C.J.: The future of culture is tightly intertwined with the universal. Globalization has created a worldwide sense of community, and art is at the forefront of this new script. This is a story which cannot be read or understood by one set of symbols and, as such, Malick has used every corner and crevice available of the expressive space that film allows. Tree of Life manages to suggest great potential for this medium, and the arts in general by association, to tell this story.
Makoto: There are paintings imbedded in every scene of the film, either consciously or unconsciously. Wyeth pops up, with Bill Viola and Pipilotti Rist seeping in between the scenes; Jessica Chastain, playing the grieving wife, even looks like Helga (Andrew Wyeth’s favorite model). At times I even felt that I was in Chelsea galleries, rather than a theatre. Sean Penn’s character, an urban architect who designs both his own and his parent’s Philip Johnson-esque modernist house, meanders about, lost in a fragile house full of light. We are to remember his teenage days, as a leader of a pack of friends in the dull summers, throwing rocks through windows to prove his toughness. We hear the broken glass, but we also feel the sharp edges of despair and loss.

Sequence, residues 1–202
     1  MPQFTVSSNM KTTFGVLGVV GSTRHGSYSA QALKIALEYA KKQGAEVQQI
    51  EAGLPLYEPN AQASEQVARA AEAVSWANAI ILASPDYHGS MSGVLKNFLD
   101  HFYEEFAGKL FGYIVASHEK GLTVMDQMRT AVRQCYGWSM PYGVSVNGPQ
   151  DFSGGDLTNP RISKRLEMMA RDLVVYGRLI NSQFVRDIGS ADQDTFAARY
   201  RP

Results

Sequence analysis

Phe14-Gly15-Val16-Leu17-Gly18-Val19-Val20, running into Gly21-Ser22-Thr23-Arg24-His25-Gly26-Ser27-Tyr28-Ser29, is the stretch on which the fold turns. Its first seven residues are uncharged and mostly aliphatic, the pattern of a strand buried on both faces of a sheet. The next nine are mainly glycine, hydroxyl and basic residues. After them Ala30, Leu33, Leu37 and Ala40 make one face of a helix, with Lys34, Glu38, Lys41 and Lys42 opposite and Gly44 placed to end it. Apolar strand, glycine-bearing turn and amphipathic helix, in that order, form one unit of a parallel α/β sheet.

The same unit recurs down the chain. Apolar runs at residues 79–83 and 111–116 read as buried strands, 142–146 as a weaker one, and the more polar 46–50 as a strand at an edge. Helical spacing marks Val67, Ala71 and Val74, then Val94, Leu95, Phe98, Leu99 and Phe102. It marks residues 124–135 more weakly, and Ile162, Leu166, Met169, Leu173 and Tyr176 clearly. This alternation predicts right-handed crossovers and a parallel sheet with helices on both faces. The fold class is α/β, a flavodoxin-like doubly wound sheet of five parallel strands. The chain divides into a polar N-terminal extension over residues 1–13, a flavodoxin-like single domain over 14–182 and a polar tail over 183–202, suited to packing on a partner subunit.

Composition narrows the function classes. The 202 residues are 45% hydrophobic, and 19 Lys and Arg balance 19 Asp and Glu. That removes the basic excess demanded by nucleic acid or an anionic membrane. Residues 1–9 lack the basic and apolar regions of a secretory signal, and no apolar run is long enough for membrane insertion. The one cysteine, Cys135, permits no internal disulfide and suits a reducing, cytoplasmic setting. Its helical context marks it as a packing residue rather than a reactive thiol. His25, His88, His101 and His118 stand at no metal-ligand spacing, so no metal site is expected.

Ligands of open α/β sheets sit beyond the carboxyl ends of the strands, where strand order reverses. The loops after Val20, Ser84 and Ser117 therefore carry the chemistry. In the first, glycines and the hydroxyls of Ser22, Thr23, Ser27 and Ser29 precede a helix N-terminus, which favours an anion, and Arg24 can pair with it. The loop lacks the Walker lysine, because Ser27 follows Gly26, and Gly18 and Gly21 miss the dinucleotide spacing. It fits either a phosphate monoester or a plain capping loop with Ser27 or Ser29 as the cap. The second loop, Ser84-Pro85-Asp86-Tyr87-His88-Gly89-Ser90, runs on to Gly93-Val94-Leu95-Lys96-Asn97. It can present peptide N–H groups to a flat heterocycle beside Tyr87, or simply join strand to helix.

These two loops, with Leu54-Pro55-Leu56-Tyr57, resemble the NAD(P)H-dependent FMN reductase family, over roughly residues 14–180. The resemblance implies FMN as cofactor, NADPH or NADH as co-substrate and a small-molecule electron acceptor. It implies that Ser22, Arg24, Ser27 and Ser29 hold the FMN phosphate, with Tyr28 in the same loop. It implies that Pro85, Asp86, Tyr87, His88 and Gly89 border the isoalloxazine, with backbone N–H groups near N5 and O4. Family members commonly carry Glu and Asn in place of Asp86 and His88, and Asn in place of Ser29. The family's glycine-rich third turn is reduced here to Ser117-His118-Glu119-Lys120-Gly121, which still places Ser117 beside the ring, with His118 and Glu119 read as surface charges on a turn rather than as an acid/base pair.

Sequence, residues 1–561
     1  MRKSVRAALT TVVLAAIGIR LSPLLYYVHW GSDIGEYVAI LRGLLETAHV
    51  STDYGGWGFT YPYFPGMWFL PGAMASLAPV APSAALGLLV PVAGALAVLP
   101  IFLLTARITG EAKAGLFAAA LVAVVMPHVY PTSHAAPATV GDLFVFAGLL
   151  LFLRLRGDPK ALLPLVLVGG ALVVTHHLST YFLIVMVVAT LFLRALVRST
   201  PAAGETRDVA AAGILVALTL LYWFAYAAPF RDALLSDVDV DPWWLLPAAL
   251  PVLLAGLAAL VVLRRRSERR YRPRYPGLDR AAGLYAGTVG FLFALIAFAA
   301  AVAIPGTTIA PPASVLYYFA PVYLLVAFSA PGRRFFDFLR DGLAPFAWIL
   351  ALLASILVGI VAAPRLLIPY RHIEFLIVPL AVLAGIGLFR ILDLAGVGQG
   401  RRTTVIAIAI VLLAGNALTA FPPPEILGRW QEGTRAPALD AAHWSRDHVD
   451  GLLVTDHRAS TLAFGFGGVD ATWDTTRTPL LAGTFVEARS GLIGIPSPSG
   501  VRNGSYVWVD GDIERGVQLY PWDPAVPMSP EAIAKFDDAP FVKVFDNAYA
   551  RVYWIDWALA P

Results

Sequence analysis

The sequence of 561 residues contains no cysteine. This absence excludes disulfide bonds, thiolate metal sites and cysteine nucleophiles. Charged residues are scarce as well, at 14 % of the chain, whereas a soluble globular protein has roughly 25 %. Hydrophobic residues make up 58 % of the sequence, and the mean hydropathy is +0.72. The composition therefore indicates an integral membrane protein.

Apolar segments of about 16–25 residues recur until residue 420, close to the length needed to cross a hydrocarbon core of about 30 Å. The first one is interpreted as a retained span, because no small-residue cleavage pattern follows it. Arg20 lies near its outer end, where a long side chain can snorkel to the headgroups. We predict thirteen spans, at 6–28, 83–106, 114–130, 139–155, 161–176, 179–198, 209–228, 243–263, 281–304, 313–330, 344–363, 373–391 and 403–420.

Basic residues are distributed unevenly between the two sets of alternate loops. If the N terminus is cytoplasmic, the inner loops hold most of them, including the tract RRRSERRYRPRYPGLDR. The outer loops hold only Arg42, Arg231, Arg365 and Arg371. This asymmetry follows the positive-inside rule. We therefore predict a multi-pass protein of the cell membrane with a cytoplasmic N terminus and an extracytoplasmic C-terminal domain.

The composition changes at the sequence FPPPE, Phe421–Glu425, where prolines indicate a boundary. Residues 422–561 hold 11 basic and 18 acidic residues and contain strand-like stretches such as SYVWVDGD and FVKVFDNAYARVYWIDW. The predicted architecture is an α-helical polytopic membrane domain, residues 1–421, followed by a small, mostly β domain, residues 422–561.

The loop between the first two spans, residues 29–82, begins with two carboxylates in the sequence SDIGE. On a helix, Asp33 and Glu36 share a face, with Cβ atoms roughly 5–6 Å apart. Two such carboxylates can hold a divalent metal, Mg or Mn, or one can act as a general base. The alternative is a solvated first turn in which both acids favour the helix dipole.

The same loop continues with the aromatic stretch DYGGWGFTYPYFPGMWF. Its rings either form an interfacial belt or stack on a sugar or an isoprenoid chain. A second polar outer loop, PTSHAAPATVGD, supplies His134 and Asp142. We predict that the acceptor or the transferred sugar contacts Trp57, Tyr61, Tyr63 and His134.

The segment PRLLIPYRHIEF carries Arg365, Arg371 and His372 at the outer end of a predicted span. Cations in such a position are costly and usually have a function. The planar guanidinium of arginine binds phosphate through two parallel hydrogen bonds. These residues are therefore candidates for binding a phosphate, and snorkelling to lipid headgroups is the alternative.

C.J.: We are the YouTube generation. We would rather change the channel then stay put on one story. Our culture is built of bits and pieces thrown together in whatever way works for us. Each part seems small but they are linked by association and they coalesce into a whole. Our musicians don’t cover classics, they sample them. There is too much available, and it comes at us too fast, for us to be satisfied with single strain narrative in the same way that previous generations may have been. The stories are out there to be read, but we are the ones who connect the dots. For us, Malick’s approach is not new or jarring — it’s fitting. The pieces brought together on screen encourage the viewer to make their own connections and form their own greater theme. This film aims to portray life itself, the universal drama, in the same way we understand it: by clicking through all of the related videos on the right side of the YouTube page. From each we take a moment, a line, or a gesture of beauty, and without each, the whole would not be complete.